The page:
The deadly crack of a long rifle and the piercing cries of Indians on the warpath shatter the serenity of beautiful lake Glimmerglass. Danger has invaded the vast forests of upper New York State as Deerslayer and his loyal Mohican friend Chingachgook attempt the daring rescue of an Indian maiden imprisoned in a Huron camp. Soon they are caught in the crossfire between a cunning enemy and two white bounty hunters who mercilessly kill for profit. The last of the Leatherstocking tales to be written, though first in the chronology of the hero's life, "The Deerslayer" is James Fenimore Cooper's masterpiece. A fine combination of romance, adventure, and morality; this classic novel of the frontier is an eloquent beginning for Cooper's great wilderness saga--and an unforgettable introduction to the famous character who has said to embody the conscience of America: the noble woodsman Deerslayer.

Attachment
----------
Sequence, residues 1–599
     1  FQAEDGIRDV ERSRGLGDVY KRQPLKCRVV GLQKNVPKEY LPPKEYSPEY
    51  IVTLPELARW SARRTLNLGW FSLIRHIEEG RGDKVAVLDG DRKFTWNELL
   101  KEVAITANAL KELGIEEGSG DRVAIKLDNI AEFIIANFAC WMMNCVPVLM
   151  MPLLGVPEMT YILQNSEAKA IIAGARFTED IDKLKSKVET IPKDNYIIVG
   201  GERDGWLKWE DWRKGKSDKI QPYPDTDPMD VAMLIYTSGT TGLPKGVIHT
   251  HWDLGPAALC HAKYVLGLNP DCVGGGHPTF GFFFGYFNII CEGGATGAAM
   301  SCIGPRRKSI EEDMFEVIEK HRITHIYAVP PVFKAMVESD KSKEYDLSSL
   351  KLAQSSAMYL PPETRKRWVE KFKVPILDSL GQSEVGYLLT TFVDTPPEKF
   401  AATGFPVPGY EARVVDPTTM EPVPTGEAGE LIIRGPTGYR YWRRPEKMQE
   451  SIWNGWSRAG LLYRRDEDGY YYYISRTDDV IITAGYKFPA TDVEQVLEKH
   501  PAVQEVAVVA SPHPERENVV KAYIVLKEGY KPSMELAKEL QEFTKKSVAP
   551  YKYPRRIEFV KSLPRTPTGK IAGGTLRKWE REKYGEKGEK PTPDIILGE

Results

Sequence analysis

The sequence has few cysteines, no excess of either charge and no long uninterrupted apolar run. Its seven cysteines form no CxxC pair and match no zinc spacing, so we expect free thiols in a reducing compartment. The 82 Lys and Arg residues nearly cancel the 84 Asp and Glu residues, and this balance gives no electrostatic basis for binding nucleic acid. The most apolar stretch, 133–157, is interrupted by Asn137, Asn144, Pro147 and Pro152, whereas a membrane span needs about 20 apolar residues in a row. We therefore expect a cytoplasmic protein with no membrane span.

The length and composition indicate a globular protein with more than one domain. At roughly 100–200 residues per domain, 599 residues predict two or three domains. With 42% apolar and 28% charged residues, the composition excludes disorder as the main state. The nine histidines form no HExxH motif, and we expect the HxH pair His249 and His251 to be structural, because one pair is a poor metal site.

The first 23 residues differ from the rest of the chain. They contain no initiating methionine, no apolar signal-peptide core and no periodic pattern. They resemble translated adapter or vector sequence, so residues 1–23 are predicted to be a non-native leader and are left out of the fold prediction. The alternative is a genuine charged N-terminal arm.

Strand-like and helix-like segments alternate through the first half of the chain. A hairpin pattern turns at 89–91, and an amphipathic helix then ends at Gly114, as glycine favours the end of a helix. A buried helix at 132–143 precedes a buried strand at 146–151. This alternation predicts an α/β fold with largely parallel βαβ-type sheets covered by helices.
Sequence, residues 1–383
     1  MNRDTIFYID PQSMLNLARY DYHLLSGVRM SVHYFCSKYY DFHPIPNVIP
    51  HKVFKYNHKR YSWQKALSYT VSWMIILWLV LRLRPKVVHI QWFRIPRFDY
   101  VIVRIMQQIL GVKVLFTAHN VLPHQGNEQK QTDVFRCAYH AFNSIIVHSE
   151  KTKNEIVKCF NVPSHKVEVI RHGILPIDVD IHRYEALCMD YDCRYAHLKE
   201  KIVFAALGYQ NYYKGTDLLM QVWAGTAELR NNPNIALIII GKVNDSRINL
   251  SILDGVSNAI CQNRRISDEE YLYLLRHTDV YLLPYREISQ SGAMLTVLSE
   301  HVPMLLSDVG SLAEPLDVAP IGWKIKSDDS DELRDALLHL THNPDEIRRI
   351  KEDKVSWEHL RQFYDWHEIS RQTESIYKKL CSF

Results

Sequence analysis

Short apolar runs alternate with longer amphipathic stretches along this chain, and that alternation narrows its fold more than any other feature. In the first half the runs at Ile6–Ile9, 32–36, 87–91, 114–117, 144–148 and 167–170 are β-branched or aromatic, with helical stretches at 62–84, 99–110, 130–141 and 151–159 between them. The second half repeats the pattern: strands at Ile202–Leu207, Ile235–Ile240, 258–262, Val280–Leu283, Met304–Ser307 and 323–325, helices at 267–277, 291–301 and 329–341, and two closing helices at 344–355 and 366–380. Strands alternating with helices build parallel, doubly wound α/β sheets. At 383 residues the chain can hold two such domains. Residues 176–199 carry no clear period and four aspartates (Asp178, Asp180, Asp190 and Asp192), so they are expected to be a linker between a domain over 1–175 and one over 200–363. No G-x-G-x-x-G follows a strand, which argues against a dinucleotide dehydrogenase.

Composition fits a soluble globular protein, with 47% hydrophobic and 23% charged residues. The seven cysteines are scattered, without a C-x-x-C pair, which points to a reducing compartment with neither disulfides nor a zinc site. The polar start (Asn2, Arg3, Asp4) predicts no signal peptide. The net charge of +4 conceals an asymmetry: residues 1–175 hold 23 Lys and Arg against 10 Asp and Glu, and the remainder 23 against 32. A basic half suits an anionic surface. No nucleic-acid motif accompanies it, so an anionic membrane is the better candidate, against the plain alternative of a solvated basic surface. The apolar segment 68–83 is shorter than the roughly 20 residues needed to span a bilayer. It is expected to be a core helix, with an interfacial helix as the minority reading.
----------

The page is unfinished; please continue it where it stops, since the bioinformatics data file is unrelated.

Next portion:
James Fenimore Cooper was the great professional American author. He was born on Septenber 15, 1789, in Burlington, New Jersey, and grew up in the frontier village of Cooperstown, New Yorrk, in the heart of the wilderness he was to immortalize in his frontier novels. A high-spirited youth, he was expelled from Yale because of a prank and was finally signed by the navy by his strong-willed father. In 1819 a trfling incident repordatly led to the writing of his first book. Reading aloud to his wife from a populr English novel, he exclaimed, "I could write you a better book myself!" The result was Precausion (1820), which followed in 1821 by his first real success, The Spy. Cooper became a prolific writer, creating two unique genres that were to become staples in American literature-the sea romance and the frontier adventure story. The first of the famous Leatherstocking tales, The Pioneers, appeared in 1823 and introduced the wilderness scout Natty Bumppo. This detailed portrait of frontier life has been called the first truly American novel. In The Last of the Mohicans (1826) Natty Bumppo becomes the well-loved Hawkeye befriended by the noble Indian Chingachgook; the novel remains a favorite American classic. Other Leatherstocking tales were The Prairie (1827), The Pathfinder (1840) influenced both Herman Melville and Joseph Conrad and led to the use of the sea novel as vehicle for spiritual and moral explorations. Cooper also wrote political satire, romance, and the meticulously researched History of the Navy of the United States of America (1839). By the time of his death on September 14, 1851, he was considered America's "national novelist."